In one embodiment, the contrast medium comprises volatile liquid. When the volatile liquid is in a liquid phase, the contrast medium comprises first droplets having an average particle diameter of 0.5 μm or smaller and second droplets having an average particle diameter greater than 0.5 μm and 20 μm or less. Preferably, the second droplets account for 50% or more of the contrast medium by weight.
The thermally-irreversible gel is composed of a first area, which includes the focal point of the ultrasonic irradiation, and a second area, which does not include such focal point. In the first area, the second droplets account for 50% or more of the contrast medium by weight. In the second area, the second droplets account for 0% to 10% of the contrast medium by weight.
According to a given embodiment, the contrast medium comprises an outer envelope comprising a surfactant and a droplet stabilizer. Also, the contrast medium may shift from a gas phase to a liquid phase upon cooling after ultrasonic irradiation.
Examples of the volatile liquid include fluorotrichloromethane, dibrodifluoromethane, 2-bromo-1,1,1-trifluoroethane, 2-methylbutane, perfluoropentane, 1-pentene, pentane, 2H,3H-perfluoropentane, perfluorohexane, hexane, 1H-perfluorohexane, perfluoroheptane, heptane, and perfluorooctane.
The phantom of the present invention may further comprise an indicator of temperature increase accommodated in the thermally-irreversible gel. In one embodiment, the indicator of temperature increase is a protein.
The present invention also provides a method for assaying ultrasonic irradiation conditions comprising the steps of:
applying ultrasound beams to a phantom comprising a thermally-irreversible gel, an indicator of temperature increase accommodated in the gel, and a contrast medium that shifts from a liquid phase to a gas phase upon ultrasonic irradiation and shifts from a gas phase to a liquid phase upon cooling after ultrasonic irradiation;
attaining first detection results by optically detecting denaturation of the indicator of temperature increase resulting from ultrasonic irradiation and a shift of the contrast medium from a liquid phase to a gas phase;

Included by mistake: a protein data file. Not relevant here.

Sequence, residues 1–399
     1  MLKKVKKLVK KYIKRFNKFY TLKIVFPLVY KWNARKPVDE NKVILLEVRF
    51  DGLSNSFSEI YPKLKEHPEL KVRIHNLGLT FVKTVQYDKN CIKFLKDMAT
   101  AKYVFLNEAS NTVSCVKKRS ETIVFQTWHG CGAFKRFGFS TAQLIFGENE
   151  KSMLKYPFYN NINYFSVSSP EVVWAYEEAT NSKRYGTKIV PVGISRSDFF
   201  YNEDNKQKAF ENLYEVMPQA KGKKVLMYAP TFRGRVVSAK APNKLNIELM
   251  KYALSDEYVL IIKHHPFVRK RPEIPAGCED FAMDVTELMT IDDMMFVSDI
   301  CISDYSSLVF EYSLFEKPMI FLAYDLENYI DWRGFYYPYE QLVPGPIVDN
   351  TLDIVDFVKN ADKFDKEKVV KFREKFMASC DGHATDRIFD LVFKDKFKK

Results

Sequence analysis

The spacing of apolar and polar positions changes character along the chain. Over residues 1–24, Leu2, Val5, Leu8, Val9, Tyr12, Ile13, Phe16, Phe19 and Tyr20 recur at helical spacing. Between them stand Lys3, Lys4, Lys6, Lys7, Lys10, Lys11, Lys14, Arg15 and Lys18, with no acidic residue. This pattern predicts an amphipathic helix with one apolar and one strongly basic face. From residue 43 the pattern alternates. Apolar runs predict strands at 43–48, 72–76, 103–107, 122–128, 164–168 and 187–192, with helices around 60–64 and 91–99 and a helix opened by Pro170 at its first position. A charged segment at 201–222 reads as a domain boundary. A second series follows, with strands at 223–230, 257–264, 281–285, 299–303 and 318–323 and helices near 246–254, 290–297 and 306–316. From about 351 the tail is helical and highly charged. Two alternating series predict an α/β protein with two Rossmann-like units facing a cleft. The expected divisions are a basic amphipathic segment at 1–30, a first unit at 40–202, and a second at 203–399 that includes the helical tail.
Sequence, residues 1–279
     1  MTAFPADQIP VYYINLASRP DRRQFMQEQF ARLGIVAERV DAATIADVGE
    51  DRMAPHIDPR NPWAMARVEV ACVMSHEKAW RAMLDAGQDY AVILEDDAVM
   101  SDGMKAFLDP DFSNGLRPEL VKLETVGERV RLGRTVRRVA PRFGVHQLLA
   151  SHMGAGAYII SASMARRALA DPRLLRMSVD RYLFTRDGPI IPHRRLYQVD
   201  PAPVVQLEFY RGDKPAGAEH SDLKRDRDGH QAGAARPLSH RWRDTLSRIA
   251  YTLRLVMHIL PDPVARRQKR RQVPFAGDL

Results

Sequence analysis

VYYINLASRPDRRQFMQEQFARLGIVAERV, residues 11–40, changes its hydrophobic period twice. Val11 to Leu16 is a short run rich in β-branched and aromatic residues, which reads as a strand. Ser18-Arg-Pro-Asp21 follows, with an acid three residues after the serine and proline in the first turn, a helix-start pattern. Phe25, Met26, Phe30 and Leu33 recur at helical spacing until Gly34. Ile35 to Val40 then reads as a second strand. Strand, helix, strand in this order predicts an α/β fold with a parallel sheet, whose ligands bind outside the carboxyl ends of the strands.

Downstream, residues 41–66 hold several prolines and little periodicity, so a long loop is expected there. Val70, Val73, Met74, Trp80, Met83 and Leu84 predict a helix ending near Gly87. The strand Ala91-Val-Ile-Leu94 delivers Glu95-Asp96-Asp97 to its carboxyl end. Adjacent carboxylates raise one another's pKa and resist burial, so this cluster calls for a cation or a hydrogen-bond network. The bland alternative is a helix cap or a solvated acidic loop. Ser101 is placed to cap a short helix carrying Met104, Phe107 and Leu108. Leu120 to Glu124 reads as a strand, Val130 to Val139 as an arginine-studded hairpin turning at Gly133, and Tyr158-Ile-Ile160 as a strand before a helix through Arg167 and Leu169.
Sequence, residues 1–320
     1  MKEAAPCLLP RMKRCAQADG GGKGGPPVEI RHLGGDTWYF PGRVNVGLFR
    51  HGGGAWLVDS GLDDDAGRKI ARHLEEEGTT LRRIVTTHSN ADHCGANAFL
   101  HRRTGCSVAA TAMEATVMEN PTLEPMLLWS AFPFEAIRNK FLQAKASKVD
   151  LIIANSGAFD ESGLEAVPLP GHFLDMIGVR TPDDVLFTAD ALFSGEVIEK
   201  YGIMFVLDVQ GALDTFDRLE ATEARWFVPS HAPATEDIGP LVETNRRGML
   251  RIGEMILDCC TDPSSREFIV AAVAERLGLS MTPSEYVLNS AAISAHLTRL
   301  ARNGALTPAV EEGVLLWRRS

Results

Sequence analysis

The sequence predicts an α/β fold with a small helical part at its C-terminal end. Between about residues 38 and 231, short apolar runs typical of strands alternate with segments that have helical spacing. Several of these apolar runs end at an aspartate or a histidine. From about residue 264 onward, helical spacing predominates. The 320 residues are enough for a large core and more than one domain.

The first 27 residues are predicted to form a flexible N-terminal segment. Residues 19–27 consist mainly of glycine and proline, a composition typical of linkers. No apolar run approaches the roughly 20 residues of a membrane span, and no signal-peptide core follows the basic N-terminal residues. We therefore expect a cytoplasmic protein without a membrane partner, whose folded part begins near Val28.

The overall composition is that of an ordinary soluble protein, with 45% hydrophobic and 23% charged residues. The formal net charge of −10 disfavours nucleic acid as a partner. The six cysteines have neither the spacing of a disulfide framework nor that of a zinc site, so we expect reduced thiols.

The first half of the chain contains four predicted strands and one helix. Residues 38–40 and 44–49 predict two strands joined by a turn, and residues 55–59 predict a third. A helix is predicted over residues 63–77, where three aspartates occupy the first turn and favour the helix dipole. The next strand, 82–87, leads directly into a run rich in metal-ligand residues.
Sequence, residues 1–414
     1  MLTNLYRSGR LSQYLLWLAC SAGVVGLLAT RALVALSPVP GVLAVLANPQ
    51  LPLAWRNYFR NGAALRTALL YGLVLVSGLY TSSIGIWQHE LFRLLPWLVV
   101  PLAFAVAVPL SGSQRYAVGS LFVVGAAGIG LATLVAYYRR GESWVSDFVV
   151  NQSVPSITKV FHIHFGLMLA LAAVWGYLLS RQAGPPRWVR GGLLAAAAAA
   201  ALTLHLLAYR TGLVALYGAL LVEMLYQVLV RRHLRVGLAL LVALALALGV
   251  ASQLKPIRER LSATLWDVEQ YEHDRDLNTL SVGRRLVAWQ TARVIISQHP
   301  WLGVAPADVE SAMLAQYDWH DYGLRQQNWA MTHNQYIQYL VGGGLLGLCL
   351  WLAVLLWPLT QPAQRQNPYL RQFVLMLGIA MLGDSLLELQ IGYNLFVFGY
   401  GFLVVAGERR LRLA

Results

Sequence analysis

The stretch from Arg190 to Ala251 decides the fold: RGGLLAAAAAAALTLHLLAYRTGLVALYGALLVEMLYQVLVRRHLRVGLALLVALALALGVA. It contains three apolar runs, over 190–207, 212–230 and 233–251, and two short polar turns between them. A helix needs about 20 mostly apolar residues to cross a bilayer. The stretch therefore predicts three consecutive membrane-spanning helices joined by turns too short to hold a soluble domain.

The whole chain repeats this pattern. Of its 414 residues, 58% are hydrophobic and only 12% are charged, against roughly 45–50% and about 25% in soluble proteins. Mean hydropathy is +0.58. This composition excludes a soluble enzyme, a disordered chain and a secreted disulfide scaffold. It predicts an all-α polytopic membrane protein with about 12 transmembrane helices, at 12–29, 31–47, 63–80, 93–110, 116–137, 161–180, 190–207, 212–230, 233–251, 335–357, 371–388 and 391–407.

cooling the phantom following the step of ultrasonic irradiation;
attaining second detection results by optically detecting a shift of the contrast medium from a gas phase to a liquid phase following the step of cooling; and
comparing phase shifts of the contrast medium based on the first and the second detection results to assay the ultrasonic irradiation conditions based on the results of comparison. In the step of cooling, for example, the phantom is cooled to −20° C. to 10° C.
The ultrasonic phantom of the present invention can respond to ultrasonic beams of short pulses to ultrasonic beams of continuous waves and can respond to ultrasound beams of different intensities for visualization of the intensity of the applied ultrasound beams.
In conventional ultrasonic phantoms, the principal how the ultrasound-exposed area is visualized disables quantitative visualization of the differences in acoustic properties such as acoustic intensity. In the case of a phantom that allows visualization of aggregation resulting from protein denaturation, the temperature at which a water-soluble protein is aggregated within several seconds is between approximately 60° C. and 70° C., and the degree of protein aggregation is insufficient at temperatures outside such range. Thus, such phantom is less useful. When the amount of generated substances having a high oxidizing power is intended to be visualized, a radical reaction is sequentially continued after the termination of ultrasonic irradiation until the reaction substrate is eliminated, even if the amounts of the substances generated upon ultrasonic irradiation vary because of different conditions such as ultrasonic intensity. This complicates the visualization of variations resulting from different ultrasonic conditions.